Hundreds of artwork ‘hands’ painted by pre-school and primary school children were planted on the grounds of St Stephen’s Cathedral today in a promotion of reconciliation.
The ‘Hands of Commitment’ were all produced by Catholic Early EdCare students and drew upon the “Be brave, Make Change” theme of National Reconciliation Week 2022.
Senior Archdiocesan staff acknowledged and gratefully received the creative artworks from Catholic Early EdCare staff before they went on display in the Cathedral precinct.
Catholic Early EdCare General Manager of Program and Practice, Kirsten Holland, said the event was a way to join in the reconciliation conversation and to take action alongside our young children.
“National Reconciliation Week is a time for all Australians to learn about our shared histories, cultures and achievements, and to explore how each of us can contribute to achieving reconciliation in Australia,” Ms Holland said.
“The peak body Reconciliation Australia challenges all educators to ‘Be Brave’ in their teaching and tackle the unfinished business of reconciliation so we can ‘Make Change’ in our early learning services, and in our communities.
“The hands are part of the ‘Make Change’ – highlighting what change we will commit to towards the business of reconciliation.
“For educators it is about ‘Being Brave’ – and learning what information our children seek to know more about, how this can be embedded into our programs and why it is important.”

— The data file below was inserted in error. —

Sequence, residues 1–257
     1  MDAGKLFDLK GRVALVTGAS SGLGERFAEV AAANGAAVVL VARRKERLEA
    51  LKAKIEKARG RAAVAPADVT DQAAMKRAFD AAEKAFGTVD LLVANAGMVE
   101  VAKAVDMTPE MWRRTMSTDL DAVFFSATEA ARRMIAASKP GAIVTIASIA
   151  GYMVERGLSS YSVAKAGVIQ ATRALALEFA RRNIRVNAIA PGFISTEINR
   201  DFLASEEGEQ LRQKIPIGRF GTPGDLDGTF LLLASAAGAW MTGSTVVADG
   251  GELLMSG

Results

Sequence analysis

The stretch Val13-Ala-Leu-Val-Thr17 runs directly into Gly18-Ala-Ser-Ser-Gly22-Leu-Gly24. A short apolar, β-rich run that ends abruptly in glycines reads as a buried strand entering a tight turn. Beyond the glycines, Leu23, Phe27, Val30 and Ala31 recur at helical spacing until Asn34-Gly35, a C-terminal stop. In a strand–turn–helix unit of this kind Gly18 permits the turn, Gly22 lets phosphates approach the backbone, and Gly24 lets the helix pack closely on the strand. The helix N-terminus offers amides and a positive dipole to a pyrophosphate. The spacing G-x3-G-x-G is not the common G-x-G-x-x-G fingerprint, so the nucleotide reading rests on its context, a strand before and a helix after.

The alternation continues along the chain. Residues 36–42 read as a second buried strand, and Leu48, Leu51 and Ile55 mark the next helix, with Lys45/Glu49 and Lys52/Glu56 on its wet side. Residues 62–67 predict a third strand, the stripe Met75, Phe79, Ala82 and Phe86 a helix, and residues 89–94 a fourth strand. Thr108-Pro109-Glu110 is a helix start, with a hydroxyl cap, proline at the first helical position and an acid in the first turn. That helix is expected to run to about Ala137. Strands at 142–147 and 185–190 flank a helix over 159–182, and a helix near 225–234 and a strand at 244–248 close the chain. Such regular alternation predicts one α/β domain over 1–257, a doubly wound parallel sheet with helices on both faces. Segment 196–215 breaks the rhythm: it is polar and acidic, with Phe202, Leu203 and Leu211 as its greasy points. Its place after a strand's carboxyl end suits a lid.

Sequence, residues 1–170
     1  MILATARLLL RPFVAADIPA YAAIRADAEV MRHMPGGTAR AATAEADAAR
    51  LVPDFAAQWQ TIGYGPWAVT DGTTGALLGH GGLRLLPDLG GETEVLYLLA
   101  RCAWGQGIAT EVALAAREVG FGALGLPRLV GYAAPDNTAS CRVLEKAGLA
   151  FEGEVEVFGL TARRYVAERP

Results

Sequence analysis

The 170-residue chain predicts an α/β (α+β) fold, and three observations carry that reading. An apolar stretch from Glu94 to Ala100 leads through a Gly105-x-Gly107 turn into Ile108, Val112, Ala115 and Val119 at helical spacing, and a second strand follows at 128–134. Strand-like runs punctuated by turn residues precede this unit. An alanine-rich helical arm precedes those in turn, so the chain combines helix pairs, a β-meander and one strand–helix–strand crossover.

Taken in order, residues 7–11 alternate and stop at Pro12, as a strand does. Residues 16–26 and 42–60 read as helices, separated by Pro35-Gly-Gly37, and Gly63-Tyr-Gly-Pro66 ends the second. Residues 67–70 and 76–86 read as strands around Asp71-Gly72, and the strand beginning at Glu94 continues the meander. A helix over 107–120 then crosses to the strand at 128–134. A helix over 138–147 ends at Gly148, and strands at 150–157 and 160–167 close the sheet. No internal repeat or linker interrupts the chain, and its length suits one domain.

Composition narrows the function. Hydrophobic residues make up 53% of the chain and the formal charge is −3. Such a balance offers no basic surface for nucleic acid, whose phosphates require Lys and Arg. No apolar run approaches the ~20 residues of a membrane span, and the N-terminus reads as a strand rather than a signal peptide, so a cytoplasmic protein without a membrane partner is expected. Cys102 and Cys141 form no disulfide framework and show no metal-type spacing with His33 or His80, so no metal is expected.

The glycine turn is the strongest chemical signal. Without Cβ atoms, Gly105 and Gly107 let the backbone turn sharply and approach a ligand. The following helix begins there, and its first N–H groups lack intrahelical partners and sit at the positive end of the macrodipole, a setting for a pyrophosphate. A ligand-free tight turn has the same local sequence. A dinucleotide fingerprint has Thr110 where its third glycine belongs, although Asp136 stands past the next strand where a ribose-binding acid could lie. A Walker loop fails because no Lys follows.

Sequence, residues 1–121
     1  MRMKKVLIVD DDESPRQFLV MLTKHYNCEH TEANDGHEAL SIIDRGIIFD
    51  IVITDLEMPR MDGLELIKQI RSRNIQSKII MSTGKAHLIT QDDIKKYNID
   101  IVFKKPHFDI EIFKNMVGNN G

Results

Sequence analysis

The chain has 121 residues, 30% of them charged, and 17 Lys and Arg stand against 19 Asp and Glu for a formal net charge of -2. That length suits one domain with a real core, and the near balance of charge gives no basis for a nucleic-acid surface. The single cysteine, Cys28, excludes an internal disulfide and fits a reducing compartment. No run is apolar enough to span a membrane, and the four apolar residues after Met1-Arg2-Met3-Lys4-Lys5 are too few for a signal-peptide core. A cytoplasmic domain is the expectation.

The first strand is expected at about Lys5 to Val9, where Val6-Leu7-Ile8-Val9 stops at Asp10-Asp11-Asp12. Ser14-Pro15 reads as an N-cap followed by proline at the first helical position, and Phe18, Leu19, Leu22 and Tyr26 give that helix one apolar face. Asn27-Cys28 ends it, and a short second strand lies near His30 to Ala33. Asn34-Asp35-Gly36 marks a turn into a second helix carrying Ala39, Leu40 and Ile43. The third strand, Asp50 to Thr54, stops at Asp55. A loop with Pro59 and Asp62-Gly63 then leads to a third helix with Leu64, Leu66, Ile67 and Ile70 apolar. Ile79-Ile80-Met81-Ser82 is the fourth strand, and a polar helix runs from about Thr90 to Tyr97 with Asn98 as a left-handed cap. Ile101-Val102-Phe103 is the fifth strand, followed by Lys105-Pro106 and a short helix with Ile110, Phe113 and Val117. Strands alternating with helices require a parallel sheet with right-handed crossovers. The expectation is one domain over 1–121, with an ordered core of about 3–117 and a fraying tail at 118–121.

In Australia, National Reconciliation Week starts on May 27, the anniversary of the 1967 referendum to change the constitution**, and concludes on June 3, the date of the 1992 High Court decision in the Mabo case, overturning ‘terra nullius’.
Ms Holland said the initial inspiration for the ‘Hands of Commitment’ event came from Canada’s “Have a Heart Day” in 2014, where children sent a heart with a message inside to be placed on the steps of the national parliament highlighting injustices to First Nations peoples.
“It was such a special event, and as some Catholic Early EdCare services have laminated the hands, we need to think about what we do with them to honour the children’s work and the wishes on them,” she said.
“I hope by highlighting our commitments to National Reconciliation Week and discussing these with our children and educators we will work towards building positive, respectful relationships with Aboriginal and Torres Strait Islander people and other Australians.”
Catholic Early EdCare educates over 30,000 children in kindergartens, Outside School Hours Care and Long Day Care services across south-east Queensland.
The Cathedral precinct sits on land traditionally under the custodianship of the Turrbal peoples.
Catholic Early EdCare’s Executive Director Alana Crouch (left) and General Manager of Program and Practice, Kirsten Holland, on hand to see the artwork received in the Cathedral Precinct, May 30, 2022. (Photos courtesy of Mark Bowling at The Catholic Leader)